Yet, in Wuxia stories that involve supernatural "qi" and powers to flatten mountains, all the heroes use complex moves. For instance, a fighting style may include 36 basic combinations, which can be turned into 72 more combinations, which can then be turned into 108 combinations. And two fighters can exchange thousands of punches and kicks before the end.

    All mumble jumble. However, this is much more fun that a description of an actual combat, which ends within a few second and involves a lot of simple hacking and stabbing. All the fantasy stuff inspire people and people begin to imagine themselves doing fancy flying and kicking. before long, fantasy becomes fact and everybody begins to assume this is what actual fighting is about... just imagine everyone accepts Hogwart actually exists and Harry Potter is real...
     
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  5. PanAsian
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    PanAsian Senior Member

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    That last paragraph overreaches a lot. Acupuncture is one thing, "traditional Chinese medicine" encompasses a lot more such as herbal medicine and chiropractice, much of which is scientifically proven to work.

    There are also plenty of Chinese "traditional martial arts" that are about as handy and as much of a sport as any other "traditional" martial arts out there. "Qigong" is only one aspect of Taichi which is only one popularized (and thereby diluted) school of martial arts among many that have been applied to real fighting and credited for their influence by users in MMA or other applied fighting.

    I think a more accurate description of the situation is that there are a lot of innocent entertainers and devious scammers out there being misunderstood by and misleading towards a lot of ignorant people. Unfortunately there isn't enough, or accessible enough, of formal infrastructure or official knowledge base of these fields to allow a layperson to easily vet much.

    It is also a simple issue of common sense, obviously it is impossible to hit something or someone without physical contact or for one person to throw off ten bigger ones on top of them. For one the level of ignorance of people who believe this stuff is the real problem. How many and how genuinely people actually believe in this stuff is also in question, such as the cheeky, disinterested, or desperate going along with the pretense for their own reasons.

    On another note it appears you have a pattern of looking for things to attack tradition and culture with when the real problem obviously lies elsewhere.
     
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  6. vesicles
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    vesicles Senior Member

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    I'm sorry but I take offense of the last part. NONE of the Chinese medicine theory has been scientifically tested. And none of it can be scientifically tested because none of it has been shown to actually exist. NONE!!!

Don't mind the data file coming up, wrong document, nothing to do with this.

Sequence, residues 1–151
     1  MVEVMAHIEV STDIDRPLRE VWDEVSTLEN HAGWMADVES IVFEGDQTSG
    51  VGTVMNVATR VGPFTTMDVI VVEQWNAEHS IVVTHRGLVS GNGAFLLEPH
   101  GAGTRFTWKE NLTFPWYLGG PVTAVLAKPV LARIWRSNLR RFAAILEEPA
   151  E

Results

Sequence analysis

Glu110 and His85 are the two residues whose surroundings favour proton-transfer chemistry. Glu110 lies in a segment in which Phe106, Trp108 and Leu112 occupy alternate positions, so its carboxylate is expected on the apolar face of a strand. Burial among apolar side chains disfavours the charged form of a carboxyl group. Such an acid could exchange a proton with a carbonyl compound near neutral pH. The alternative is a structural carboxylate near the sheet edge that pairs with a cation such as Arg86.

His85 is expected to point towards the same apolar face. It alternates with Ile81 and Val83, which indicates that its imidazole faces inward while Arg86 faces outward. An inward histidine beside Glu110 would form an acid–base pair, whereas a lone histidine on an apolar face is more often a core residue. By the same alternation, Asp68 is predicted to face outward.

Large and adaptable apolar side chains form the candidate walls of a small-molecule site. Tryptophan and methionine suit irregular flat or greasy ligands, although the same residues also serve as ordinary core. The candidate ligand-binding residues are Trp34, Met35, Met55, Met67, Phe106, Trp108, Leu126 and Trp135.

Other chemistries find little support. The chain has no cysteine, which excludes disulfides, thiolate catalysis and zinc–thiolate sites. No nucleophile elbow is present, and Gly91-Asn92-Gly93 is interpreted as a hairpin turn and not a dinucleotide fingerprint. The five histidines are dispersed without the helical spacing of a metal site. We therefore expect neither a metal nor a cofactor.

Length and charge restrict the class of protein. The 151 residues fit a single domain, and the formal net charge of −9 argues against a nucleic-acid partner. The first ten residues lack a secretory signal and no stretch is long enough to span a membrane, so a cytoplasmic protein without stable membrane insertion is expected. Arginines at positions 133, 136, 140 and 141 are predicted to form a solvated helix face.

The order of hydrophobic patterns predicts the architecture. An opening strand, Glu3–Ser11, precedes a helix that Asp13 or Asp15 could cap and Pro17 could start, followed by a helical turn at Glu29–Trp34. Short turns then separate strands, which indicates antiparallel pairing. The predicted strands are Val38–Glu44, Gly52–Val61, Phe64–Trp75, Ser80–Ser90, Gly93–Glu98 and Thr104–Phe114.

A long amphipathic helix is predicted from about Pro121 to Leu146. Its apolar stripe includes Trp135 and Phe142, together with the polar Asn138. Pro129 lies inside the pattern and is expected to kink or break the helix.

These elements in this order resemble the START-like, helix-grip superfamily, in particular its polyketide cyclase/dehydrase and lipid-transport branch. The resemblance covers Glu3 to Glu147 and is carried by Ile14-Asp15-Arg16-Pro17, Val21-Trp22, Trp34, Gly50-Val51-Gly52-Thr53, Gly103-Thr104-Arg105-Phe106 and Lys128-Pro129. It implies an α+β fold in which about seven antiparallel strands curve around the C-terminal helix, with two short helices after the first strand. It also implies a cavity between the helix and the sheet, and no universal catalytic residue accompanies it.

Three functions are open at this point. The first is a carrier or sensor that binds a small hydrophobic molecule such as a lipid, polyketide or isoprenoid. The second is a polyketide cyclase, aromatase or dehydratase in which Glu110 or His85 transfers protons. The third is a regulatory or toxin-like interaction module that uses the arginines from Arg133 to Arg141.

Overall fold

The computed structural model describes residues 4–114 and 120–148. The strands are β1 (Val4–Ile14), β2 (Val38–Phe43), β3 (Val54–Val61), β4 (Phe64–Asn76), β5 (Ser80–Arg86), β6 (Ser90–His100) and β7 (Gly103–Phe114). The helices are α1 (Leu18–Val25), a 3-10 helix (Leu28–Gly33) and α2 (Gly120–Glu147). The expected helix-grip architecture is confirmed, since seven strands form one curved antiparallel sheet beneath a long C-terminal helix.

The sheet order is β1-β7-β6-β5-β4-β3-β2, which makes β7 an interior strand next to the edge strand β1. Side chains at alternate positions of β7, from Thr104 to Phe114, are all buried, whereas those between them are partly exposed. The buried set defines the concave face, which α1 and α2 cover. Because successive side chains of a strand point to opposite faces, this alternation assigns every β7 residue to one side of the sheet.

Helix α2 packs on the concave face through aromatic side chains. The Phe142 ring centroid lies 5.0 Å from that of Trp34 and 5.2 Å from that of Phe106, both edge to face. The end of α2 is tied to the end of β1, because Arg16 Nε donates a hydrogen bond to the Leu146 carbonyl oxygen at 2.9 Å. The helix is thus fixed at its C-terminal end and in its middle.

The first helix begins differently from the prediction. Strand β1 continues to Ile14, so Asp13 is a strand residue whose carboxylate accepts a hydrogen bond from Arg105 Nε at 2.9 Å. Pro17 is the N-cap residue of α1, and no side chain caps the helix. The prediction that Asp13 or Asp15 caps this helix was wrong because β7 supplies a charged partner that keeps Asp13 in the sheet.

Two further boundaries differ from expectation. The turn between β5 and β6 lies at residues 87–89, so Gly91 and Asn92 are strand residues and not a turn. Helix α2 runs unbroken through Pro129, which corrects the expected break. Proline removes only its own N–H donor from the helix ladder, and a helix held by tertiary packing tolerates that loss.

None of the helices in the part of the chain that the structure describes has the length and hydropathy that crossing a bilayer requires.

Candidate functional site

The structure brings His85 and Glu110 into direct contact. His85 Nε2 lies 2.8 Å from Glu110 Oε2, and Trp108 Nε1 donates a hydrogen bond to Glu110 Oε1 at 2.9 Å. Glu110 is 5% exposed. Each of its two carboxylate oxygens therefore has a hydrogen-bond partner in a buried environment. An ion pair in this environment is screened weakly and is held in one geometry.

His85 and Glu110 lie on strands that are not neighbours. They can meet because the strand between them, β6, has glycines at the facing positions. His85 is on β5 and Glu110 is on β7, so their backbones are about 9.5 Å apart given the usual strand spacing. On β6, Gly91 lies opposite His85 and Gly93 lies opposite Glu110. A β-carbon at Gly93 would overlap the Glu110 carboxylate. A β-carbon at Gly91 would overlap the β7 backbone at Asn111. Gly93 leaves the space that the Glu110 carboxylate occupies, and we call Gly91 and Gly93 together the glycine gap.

7. PanAsian
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    PanAsian Senior Member

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    Wow, I take offense to that extreme statement, that's just your ignorance and prejudice then.
     
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  8. PanAsian
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    PanAsian Senior Member

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    Here's an interesting Hong Kong program on real martial arts that's part of a long series. This one's in Cantonese with traditional Chinese subtitles, don't know if there are any copies in English.

     
  9. vesicles
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    vesicles Senior Member

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    I apologize if I hurt your feelings. That's not what I intended.

    I'm not ignorant on Chinese medicine. My own maternal grandpa grew up in a family of doctors practicing Chinese medicine. In fact, his family had been practicing Chinese medicine and owning Chinese medicine pharmacies for centuries. In early 20th century, when my grandfather was born, his family owned about 200 Chinese medicine pharmacies in northern China. He was going to take over the control of all the branches in the northeastern China. That was until he decided to go to medical school and become a doctor at a western medicine hospital. You want to know why? Because none of the Chinese medicine theories made any sense to him when he was learning them. When he asked his elders, they just said "no one knows... just memorize them...". Eventually, he gave up and wanted to see what western medicine was like. And he found that he liked it.

    I grew up playing acupuncture needles and human models of acupuncture points and flow of "Qi" painted on them. I know Chinese medicine. My grandpa also had a complete collection of Li Shizhen's classic book on Chinese medicine recipes. The late editions of the books that you can buy at bookstores nowadays have many of the original recipes taken out. If you have a chance to read the original edition, you will find how ridiculous the book is.
     
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  10. subotai1
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    subotai1 New Member
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    You're throwing the baby out with the bathwater there. Acupuncture is increasingly being considered a viable technique, to the point that it's covered by insurance in the US. And this is after a lot of study.

    The recipes for traditional medicine are also being tested and a lot of it is found to have either known or new compounds in it. These are being synthesized and mapped to get down to the effective base.

    Granted there is also a lot of stuff in Chinese traditional medicine that is bunk. However, that is not atypical of a lot of very old civilizations or isolated populations that developed their own medicine over time. Much of what these cultures come up with is effective or perceived to be. And pharma and healthcare companies spend billions a year trying to uncover it.